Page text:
• Technology should feel human, and it needs to be approachable, honest and humble
  • Simplicity of form and function – hide the interface until you need to engage with it
  • It should be optimistic, so it makes you smile
  • And daring, so it can do the unexpected

Owning the product

Google’s combination of materials allows users to understand which parts of the device are for input and which give an output. The horizontal break in its products is an iconic piece of design. How can you own Colour? Ivy’s team took the view that you can’t always try to stand out when sitting in someone’s living room, and used this approach to inform Google’s use of colour in its hardware products. It looks at small details to which it can add stand-out colours.

What was next for Google in 2018?

Ivy went on to discuss the mission for the global tech company going forward. Its next stage of development in 2018 was to look at different forms for its home hardware products. She said: “Visual displays which can be placed in peoples’ living areas have to be carefully calibrated to not takeover. Screen brightnesses need to adjust and speakers need to sit behind the main display.” A focus that is still very much applicable to Google today is that it continues to try to own colour to surprise and delight its users. It spends months looking at social trends and how these can be represented by new palettes. Consumers are shown them both individually and in family groups, so that the company can understand specific reactions and the overall impact of the group. This all ties into its mission on being accessible for all. Google’s Head of Product Inclusion and Equity, Annie Jean-Baptiste, says: “At Google, we build products for the world. The people we design for come from different races, places, ethnicities, socio-economic positions, abilities, and more. Equity is not a moment or a point in time—it should be embedded into everything we say, do, and build. When we’re intentional about creating infrastructure to build for everyone—with everyone—that’s when product inclusion happens.” In order to achieve this goal, the organisation must admit that they don’t know everything. A human-centred approach is pivotal for Google’s mission.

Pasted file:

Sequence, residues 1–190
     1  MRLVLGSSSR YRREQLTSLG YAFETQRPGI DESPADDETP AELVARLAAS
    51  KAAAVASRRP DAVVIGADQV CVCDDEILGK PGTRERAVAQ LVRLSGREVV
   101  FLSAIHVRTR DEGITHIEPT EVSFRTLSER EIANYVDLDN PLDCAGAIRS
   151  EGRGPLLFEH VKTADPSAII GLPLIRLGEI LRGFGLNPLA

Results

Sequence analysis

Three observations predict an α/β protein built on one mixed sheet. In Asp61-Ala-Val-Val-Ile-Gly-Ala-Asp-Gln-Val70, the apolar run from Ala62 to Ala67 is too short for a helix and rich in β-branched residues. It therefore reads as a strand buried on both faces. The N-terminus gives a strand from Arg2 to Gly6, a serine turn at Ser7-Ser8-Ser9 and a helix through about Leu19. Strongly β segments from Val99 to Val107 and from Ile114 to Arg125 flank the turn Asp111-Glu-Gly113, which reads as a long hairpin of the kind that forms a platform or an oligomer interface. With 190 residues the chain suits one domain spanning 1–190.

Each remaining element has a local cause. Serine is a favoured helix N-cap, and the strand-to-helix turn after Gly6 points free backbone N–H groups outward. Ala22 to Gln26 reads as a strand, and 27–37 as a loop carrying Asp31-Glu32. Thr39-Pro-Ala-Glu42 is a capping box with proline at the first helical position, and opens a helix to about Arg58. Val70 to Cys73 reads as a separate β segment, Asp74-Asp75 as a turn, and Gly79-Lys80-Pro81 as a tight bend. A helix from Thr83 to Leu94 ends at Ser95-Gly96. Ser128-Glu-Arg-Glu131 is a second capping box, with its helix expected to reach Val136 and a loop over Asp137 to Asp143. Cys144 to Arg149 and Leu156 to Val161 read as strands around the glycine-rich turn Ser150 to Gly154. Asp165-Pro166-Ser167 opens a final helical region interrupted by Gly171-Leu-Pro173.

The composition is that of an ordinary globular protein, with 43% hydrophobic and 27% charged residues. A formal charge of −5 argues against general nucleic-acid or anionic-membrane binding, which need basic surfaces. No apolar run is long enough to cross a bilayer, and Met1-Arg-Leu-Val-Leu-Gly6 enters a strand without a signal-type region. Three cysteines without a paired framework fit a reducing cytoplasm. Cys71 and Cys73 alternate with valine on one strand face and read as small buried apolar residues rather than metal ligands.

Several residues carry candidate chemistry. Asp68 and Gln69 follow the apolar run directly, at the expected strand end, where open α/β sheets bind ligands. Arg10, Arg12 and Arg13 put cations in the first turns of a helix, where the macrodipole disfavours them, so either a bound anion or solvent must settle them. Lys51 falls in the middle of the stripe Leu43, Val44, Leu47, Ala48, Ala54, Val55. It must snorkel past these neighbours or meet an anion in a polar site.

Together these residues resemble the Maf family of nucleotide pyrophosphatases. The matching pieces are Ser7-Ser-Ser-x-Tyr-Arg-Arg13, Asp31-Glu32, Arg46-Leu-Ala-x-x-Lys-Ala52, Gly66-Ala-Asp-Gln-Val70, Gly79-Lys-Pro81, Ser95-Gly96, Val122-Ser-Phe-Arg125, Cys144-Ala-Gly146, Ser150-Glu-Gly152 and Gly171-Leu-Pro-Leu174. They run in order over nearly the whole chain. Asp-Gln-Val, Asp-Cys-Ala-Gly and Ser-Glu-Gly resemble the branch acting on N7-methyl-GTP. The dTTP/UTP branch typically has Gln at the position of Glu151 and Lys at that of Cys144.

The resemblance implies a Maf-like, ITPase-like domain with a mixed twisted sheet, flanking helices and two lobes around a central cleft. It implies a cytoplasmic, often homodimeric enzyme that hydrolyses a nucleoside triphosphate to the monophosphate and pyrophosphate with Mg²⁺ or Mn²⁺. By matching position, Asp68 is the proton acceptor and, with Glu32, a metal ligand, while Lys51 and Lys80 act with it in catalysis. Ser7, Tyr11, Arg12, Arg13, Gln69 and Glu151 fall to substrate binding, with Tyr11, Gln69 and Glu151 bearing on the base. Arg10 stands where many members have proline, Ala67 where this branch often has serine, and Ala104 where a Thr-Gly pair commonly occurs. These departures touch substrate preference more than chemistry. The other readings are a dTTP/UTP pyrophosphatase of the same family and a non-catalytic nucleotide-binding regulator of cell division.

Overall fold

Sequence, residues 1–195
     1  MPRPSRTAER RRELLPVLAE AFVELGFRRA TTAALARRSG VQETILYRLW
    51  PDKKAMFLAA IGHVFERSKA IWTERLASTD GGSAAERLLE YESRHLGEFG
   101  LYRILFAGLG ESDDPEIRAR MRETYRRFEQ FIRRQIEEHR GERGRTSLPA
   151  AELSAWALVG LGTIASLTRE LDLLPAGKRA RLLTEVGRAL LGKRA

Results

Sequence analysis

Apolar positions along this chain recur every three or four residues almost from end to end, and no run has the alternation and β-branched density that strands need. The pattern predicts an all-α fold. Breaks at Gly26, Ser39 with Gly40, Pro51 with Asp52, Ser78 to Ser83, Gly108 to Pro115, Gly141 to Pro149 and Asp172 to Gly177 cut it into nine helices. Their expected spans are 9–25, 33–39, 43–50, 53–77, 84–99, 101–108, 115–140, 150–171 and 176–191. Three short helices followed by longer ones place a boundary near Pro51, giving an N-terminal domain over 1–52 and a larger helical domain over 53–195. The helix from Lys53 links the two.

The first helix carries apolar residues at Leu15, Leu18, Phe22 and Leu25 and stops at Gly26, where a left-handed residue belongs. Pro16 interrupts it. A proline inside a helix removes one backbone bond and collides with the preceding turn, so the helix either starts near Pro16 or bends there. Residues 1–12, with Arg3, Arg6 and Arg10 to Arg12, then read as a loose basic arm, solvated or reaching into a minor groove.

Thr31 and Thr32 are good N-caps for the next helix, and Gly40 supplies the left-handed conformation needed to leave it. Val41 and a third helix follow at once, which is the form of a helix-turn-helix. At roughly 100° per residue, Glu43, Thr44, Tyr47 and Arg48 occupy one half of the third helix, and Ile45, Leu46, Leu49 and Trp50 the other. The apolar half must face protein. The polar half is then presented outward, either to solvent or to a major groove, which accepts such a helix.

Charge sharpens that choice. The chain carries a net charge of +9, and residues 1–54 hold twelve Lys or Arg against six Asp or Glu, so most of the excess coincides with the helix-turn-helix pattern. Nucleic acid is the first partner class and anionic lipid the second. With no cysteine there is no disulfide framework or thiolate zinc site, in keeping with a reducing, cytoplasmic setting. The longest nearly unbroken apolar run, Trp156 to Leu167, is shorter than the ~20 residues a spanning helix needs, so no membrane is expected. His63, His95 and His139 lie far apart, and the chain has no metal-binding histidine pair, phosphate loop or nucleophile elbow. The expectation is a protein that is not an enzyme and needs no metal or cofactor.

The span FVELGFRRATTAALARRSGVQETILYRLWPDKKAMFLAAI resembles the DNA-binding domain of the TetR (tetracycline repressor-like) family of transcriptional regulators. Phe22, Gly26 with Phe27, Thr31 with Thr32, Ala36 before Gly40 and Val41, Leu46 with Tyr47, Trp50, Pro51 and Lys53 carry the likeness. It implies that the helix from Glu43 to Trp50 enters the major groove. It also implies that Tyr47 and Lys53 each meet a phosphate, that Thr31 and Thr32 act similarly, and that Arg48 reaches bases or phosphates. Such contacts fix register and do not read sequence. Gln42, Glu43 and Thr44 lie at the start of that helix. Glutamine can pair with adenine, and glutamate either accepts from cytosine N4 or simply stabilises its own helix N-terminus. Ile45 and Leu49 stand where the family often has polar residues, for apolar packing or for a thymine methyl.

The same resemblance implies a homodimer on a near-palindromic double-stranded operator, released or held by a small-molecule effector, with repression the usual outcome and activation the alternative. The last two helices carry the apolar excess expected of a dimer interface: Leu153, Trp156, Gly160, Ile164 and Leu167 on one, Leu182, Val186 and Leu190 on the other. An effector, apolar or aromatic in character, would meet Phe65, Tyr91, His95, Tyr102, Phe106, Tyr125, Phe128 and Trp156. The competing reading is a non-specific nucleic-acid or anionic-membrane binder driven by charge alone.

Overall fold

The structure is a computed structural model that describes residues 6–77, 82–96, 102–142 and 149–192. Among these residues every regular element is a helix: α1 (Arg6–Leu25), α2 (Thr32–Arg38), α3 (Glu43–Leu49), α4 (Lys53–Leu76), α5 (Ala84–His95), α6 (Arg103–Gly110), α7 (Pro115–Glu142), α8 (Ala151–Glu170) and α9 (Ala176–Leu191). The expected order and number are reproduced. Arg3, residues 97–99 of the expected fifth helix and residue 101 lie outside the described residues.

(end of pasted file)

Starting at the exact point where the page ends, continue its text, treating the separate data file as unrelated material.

Intuition is the highest form of intelligence

Ivy closed her talk by explaining the importance of intuition. “Your intuition is a muscle that you can flex and grow stronger. It allows you to make connections from disparate pieces of information to come to your own conclusions,” “If teams want to be successful then they need to design for how they want people to feel when using their products. This can’t just be gleaned from user research – it has to include designers’ own intuition, and that comes from their experiences.” Check out another amazing talk from #mtpcon London 2018: Get Comfortable Breaking Your Product by Rik Higham.
#mtpcon London is back this October (13th & 14th) and celebrating its 10th anniversary! Join us for our tried and tested hybrid conference format, for two full days of product inspiration (plus a day of optional pre-conference workshops!). Find out more here.